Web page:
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Subject: Re: [std-proposals] item_traits: A simple solution for destructive move
From: Rick de Water (rick_water_at_[hidden])
Date: 2021-05-03 07:57:06


What does it do if the value_type is not copyable?
Good question! Move can always fall back on copy, but there is no fallback for copy itself. The same goes for the default constructor. I think it would be best to not have the function available and adding a constant (is_constructable) for easy checking in both enable_if and if constexpr.

I'm also considering extending construct to support every valid constructor for that type through forwarding the parameters, but that may also cause confusion with rvalue parameters. A parameter that is moved into the first item will be empty when moved into the second item. But considering that these functions would mostly be used by library developers inside containers it would probably not be an issue.
A motivating use case, a paper and a demonstration of it providing real-world benefit might make it more convincing.
The motivating use case would be destructive move support by the standard library containers for types such as smart pointers. A bonus is putting the complexity of moving items around in a simple API.

I did not write any paper yet as the instructions per making a proposal is to first "float the idea". So, my question is more about if this idea is fundamentally broken or not, not if it should be directly added as it is now. And of course, feedback on any smaller corner cases (such as non-copyable) that I would have to figure out.

________________________________
From: Std-Proposals <std-proposals-bounces_at_[hidden]> on behalf of Richard Hodges via Std-Proposals <std-proposals_at_[hidden]>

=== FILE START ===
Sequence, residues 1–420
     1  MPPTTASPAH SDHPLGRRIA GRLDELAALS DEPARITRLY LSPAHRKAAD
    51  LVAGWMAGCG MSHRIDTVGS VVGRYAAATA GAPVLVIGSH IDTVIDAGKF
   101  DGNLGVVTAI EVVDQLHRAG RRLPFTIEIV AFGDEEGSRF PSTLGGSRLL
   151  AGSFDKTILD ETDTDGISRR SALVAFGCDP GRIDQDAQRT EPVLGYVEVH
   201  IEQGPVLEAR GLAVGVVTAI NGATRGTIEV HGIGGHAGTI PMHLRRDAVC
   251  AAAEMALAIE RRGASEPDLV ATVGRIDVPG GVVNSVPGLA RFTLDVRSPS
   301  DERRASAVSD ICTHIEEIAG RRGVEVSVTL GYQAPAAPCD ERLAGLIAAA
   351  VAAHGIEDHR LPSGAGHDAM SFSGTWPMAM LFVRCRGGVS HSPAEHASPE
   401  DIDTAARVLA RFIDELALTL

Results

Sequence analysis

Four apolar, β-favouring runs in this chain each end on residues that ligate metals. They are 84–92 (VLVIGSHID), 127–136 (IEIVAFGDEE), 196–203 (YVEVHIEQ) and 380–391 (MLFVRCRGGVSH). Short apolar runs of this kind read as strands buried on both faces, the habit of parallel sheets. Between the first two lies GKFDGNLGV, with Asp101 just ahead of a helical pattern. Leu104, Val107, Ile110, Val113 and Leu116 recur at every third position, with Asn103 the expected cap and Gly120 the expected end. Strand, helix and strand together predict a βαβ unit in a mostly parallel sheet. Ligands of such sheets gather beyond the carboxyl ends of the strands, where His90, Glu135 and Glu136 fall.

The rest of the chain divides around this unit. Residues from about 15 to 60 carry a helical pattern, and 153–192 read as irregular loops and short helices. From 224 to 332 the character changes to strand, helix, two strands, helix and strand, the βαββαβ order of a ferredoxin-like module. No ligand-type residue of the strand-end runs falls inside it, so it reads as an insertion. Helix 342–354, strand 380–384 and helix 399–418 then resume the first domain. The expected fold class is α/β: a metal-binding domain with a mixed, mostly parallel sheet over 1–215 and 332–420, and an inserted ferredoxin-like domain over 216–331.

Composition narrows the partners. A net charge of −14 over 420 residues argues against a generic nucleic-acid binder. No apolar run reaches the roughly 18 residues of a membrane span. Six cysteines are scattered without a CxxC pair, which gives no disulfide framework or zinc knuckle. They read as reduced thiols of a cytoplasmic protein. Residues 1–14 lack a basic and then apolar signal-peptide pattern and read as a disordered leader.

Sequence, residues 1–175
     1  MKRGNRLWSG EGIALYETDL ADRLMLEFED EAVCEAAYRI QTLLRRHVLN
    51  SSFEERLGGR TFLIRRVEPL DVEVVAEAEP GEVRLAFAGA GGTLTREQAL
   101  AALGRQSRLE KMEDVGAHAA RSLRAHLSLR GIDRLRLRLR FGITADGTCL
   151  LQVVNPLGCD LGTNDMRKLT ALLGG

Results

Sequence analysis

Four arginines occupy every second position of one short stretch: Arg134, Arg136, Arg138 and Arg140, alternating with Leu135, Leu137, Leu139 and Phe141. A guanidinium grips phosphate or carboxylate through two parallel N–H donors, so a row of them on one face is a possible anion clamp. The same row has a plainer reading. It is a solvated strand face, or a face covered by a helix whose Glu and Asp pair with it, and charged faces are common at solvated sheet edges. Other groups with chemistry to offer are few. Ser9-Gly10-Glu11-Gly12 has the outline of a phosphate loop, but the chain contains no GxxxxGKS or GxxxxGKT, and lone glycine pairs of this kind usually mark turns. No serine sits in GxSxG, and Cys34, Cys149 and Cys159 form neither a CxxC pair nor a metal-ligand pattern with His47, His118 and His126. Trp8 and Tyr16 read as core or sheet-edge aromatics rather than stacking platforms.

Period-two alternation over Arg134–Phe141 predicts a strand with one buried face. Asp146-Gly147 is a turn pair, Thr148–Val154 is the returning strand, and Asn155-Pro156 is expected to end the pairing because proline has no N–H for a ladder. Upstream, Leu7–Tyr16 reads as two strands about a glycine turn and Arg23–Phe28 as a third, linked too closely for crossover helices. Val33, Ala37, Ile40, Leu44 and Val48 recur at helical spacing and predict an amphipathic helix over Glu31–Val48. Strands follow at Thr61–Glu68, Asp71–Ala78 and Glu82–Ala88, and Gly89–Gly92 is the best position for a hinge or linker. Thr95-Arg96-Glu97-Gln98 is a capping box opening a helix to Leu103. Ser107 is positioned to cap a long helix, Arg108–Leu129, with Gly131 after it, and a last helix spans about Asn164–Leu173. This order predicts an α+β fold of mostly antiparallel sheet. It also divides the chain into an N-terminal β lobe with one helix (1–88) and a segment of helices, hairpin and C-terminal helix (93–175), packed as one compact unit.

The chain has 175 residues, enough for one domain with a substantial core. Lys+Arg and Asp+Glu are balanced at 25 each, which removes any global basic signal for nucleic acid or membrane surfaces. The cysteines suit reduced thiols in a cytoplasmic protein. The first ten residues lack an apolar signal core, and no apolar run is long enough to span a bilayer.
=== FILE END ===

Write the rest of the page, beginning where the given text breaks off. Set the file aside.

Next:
Sent: Monday, May 3, 2021 11:57
To: std-proposals_at_[hidden] <std-proposals_at_[hidden]>
Cc: Richard Hodges <hodges.r_at_[hidden]>
Subject: Re: [std-proposals] item_traits: A simple solution for destructive move

On Mon, 3 May 2021 at 11:22, Rick de Water via Std-Proposals <std-proposals_at_[hidden]<mailto:std-proposals_at_[hidden]>> wrote:
When working on a container library I needed to manage the complexity of moving items around (memcpy when trivial, noexcept or not, copy if not movable, etc), and I came up with a traits class that manages everything for you. You give it a destination pointer, and often a source pointer, and the traits class will do the rest.

This is already very useful to have, but then I realized that it could also easily do a destructive move. By specializing the traits class for a destructively movable item (like unique_ptr) it can optimally move the items from the source to the destination memory. All container classes can then simply use item_traits to move items around whenever needed.

Here is a simplification of my current implementation:
template <typename Item>
struct item_traits
{
     using value_type = Item;
     using pointer = value_type*;
     using const_pointer = const value_type*;
     using size_type = std::size_t;

     static void construct(pointer destination, size_type size);
     static void destruct(pointer destination, size_type size);
     static void copy(pointer destination, const_pointer source, size_type size);
     static void move(pointer destination, pointer source, size_type size);
     static void destructive_move(pointer destination, pointer source, size_type size);
};

It would of course have a non specialized version that works for all types and uses type_traits to determine the optimal way to move things around, and destructive_move would simply call move + destruct.

What does it do if the value_type is not copyable?

Are there any major issues with this idea that would prevent it from standardization?

A motivating use case, a paper and a demonstration of it providing real-world benefit might make it more convincing.

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